Where do we locate the starting point for human thinking? Descartes famously identified human nature with thought: “I think, therefore I am.” However, the “I” who thinks must find its foundation in something prior to thought. The Christian perspective locates the root of thinking in the heart, which makes a religious choice about the origin of all things.
In Christ we are freed from the power of sin and death to serve God and His kingdom purposes and as such are delivered from the tyranny of man playing God.
The issue of theonomy has been a perennial question – how do we understand, interpret, and apply the law of God in its original context, as well as the present day? Beginning with the basics, Joe Boot examines the origins and assumptions of the theonomic perspective, explaining that at its root, theonomy is a view of Christian ethics that seeks to take the whole Word of God seriously.
Pastor Tim Stephens of Fairview Baptist Church, Calgary, joins us to talk about his experience with Alberta Health Services and the reason he persisted in gathering his church together. Andre Schutten considers some of the legal implications and precedents surrounding Tim’s case, and the nature of the relationship between the church and the civil magistrate.
Tracking the development of Western thought from the Reformation and forward into today, we notice that several contemporary dominant ideas that have their root in self-conscious opposition to God and His Word, and to the idea of man as the image-bearer of God. Chief among these in our own time is the modern green movement. What does a biblical approach to climate stewardship look like?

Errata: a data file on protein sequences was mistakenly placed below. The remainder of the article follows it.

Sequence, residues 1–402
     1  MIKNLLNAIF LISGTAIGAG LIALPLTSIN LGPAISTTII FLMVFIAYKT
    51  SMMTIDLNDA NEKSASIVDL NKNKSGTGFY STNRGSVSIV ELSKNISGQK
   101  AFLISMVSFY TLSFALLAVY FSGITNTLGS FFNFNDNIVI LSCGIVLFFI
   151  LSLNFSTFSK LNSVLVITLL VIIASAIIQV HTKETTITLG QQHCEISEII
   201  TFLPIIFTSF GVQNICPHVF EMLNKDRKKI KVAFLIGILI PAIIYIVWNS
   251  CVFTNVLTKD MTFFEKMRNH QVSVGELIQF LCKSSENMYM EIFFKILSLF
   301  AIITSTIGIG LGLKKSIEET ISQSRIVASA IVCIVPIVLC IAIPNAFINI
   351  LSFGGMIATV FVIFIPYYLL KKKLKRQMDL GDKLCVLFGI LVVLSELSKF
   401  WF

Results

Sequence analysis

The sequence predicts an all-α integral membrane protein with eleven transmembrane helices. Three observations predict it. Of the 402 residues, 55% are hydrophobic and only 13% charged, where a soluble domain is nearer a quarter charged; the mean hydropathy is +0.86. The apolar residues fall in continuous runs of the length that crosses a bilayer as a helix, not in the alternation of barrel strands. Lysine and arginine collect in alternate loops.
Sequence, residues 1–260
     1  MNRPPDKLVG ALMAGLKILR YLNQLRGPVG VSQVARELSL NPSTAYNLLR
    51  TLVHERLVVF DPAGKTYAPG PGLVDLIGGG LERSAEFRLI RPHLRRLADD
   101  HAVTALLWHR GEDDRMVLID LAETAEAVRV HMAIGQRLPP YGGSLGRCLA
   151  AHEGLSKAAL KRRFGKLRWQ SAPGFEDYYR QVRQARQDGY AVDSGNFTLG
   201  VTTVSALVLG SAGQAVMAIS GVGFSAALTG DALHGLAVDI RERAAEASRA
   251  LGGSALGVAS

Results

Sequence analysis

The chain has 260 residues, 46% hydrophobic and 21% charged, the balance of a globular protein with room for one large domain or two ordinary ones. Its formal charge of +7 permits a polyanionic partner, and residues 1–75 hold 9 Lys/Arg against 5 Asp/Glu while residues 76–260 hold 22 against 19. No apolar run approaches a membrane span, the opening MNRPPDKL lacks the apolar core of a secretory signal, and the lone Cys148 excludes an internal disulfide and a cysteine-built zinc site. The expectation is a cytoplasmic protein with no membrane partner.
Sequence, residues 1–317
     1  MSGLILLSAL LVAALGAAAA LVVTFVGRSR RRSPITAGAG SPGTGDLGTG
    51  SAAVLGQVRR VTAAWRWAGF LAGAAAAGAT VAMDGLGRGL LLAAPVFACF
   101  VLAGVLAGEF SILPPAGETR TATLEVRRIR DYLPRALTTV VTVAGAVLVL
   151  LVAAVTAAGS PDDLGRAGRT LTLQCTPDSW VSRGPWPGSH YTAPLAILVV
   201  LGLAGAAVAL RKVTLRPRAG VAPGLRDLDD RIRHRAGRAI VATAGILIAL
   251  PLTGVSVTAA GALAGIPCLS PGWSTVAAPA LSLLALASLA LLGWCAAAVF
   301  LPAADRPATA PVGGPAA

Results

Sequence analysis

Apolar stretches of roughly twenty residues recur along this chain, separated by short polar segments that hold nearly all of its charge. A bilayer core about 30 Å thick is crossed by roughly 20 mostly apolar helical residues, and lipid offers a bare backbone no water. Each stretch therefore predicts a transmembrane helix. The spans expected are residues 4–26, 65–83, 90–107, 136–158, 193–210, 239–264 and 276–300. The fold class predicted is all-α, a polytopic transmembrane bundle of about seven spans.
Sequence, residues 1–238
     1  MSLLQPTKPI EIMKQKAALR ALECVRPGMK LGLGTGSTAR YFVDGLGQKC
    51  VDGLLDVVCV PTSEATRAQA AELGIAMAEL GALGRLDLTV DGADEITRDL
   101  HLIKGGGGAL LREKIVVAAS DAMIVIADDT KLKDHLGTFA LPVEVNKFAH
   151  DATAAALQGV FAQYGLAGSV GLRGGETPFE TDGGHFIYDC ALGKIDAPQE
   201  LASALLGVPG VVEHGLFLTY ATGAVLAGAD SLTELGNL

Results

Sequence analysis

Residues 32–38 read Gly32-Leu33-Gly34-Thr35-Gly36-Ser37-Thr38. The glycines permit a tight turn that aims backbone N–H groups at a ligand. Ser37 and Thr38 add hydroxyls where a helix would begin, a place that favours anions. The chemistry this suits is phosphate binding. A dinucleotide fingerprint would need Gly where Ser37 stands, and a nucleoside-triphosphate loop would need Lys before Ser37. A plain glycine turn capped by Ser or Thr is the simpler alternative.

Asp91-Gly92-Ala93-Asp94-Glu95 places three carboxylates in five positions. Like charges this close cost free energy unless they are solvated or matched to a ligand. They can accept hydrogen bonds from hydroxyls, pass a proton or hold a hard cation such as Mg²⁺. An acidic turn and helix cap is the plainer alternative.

As we reflect on the anniversary of the Protestant Reformation, Joe Boot addresses the common perception that the Reformation was a movement limited to the church. Rather, the recovery of biblical authority had and continues to have implications to every area of our life and work.
By any reckoning, the events of 2020 and 2021 have been at once tragic, deeply disturbing, and far-reaching in scope and implication. A kind of paradigm shift has taken place while millions of us were ordered to stay in our homes. What was once unthinkable in the West can never be made unthinkable again.
We revisit two of our favourite themes – Sphere Sovereignty and Modal Aspects – and explore how these two models emerged from the Reformation and how they identify and give expression to the way the world is necessarily organized.
The biblical starting point for all human activity – including academic reflection – is the character of God as revealed in the Bible, the incarnate Son, and the created world. For man to begin with anything else is necessarily to respond in an idolatrous fashion.
At the 2021 Runner Academy, Joe Boot explains how there is a distinctly Christian way to view political life, and that it is a view that subordinates politics under the rule of Jesus the King.
Contrary to unbelieving philosophy which places some aspect of human experience on the throne of the universe, and contrary to earlier Christian philosophy which seeks to elevate theology above all other spheres of science, is the Reformational view. On this view, the self-attesting revealed Word of God is the basis for every subsequent theory about the universe.